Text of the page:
Montana Supreme Court rules four major election law reform bills are unconstitutional

 March 28, 2024

In 2021, the Republican-led Montana Legislature passed several election law reform bills that were subsequently challenged by lawsuits from Democrats and Native American groups, with four of those new reform laws being ruled unconstitutional by a district court judge in 2022.

Montana's Republican Secretary of State appealed the lower court's ruling, but the Montana Supreme Court just affirmed that the district court was correct in declaring the challenged election reform laws as unconstitutional, The Hill reported.

Court strikes bans on absentee ballots for minors and same-day voter registration

Of the four challenged election reform laws, according to the Montana Supreme Court's 125-page ruling on Wednesday, one in particular was swiftly dispensed as unconstitutional via a summary judgment from the district court judge before the trial even began.

HB 506 changed existing law to now prohibit the provision of an absentee ballot to a minor who would turn 18 and become eligible to vote before an election day, an alteration that the high court agreed "interfered with the fundamental right to vote" of otherwise eligible voters.

Also challenged was HB 176, which eliminated same-day voter registration and moved the registration deadline up to noon of the day before an election day, which the courts determined violated the right to vote and equal protection under the U.S. and state constitutions.

The Supreme Court further noted that "Election day registration has become wildly popular, with over 70,000 Montanans utilizing it since 2006," as well as that "In a 2014 referendum, Montana voters rejected eliminating election day registration by a 14-point margin."

Laws to prohibit ballot harvesting and strengthen voter ID struck down

The Hill reported that the Democratic and Native American plaintiff groups also challenged as unconstitutional a section of HB 530 that outlawed the paid collection and submission of ballots by a third-party individual or group, also known as ballot harvesting.

However, the courts found that the provision violated "the right to vote, equal protection, freedom of speech, due process," and was "an improper delegation of legislative power." The courts further observed the existence of "evidence that many groups, including Native Americans, people with disabilities, and other voters, rely on organized groups to help them deliver their voted ballots to election officials."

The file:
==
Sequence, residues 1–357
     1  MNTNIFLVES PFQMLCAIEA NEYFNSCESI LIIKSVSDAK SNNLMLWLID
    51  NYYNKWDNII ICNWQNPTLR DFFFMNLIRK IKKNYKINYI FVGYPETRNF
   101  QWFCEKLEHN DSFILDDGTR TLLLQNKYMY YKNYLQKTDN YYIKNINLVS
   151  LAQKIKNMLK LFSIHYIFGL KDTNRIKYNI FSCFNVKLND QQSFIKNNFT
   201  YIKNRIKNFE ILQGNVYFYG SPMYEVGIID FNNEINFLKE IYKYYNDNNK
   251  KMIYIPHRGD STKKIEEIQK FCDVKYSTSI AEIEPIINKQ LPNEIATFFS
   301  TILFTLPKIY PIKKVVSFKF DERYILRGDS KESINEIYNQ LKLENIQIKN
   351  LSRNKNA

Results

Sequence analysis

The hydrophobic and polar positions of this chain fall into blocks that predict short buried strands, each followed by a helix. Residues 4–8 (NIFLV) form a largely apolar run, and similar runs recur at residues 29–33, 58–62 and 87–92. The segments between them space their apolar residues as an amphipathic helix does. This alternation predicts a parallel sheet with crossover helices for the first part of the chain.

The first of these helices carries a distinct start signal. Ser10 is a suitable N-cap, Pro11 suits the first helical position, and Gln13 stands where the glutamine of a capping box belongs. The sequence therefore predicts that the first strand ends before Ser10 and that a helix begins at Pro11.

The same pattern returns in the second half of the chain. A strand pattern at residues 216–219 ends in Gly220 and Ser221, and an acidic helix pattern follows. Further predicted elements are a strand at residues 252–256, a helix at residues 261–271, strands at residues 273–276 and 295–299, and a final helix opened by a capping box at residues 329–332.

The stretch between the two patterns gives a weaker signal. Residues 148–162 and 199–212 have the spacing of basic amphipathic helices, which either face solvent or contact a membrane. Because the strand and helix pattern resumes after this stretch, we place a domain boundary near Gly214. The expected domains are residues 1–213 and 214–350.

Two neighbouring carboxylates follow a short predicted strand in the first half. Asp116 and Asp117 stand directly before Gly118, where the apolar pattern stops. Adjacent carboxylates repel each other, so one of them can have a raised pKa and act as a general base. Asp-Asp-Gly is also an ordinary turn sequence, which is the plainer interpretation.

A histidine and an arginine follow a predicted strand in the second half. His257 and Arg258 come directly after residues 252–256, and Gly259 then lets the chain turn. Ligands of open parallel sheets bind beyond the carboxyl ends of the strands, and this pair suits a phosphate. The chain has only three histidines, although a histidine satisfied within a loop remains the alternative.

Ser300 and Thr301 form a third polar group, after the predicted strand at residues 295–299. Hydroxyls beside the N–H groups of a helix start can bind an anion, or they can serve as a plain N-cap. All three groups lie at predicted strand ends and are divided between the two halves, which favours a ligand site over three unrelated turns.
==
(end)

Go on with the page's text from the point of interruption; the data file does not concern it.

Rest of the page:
Finally, there was SB 169, which made changes to Montana's voter ID law and demoted student IDs from a "primary" to a "secondary" form of identification, meaning some additional proof that voters "are who they say they are" would still be required before casting a ballot -- a change that was deemed an unconstitutional violation of equal protection rights.

Secretary of State "devastated" by Supreme Court's ruling

According to The Hill, Montana's Republican Secretary of State Christi Jacobsen, who was the sole defendant in the consolidated lawsuits brought by Democratic and Native American groups, asserted in a statement that "Well-funded groups deceived the court and the media in a sad way."

Through a spokesperson, Jacobsen's office told the Montana Free Press in a statement, "The secretary is devastated by this decision but assures Montanans that her commitment to election integrity will not waver by this narrow adoption of judicial activism that is certain to fall on the wrong side of history."

"State and county election officials have been punched in the gut," the spokesperson added on the secretary's behalf.

A notable dissent from the majority's decisions

The Free Press reported that while all of the Montana Supreme Court justices concurred on the unconstitutionality of the law that disallowed absentee ballots for minors who would turn 18 before election day, there were some dissents from the majority's judgment on the unconstitutionality of the other three laws, especially from Justice Dirk Sandefur.

At one point in his lengthy dissent, Sandefur wrote, "In an unprecedented exercise of unrestrained judicial power overriding public policy determinations made by the Legislature in the exercise of its constitutional discretion, however ill-advised to some, the majority today strikes down three distinct legislative enactments on the most dubiously transparent of constitutional grounds."

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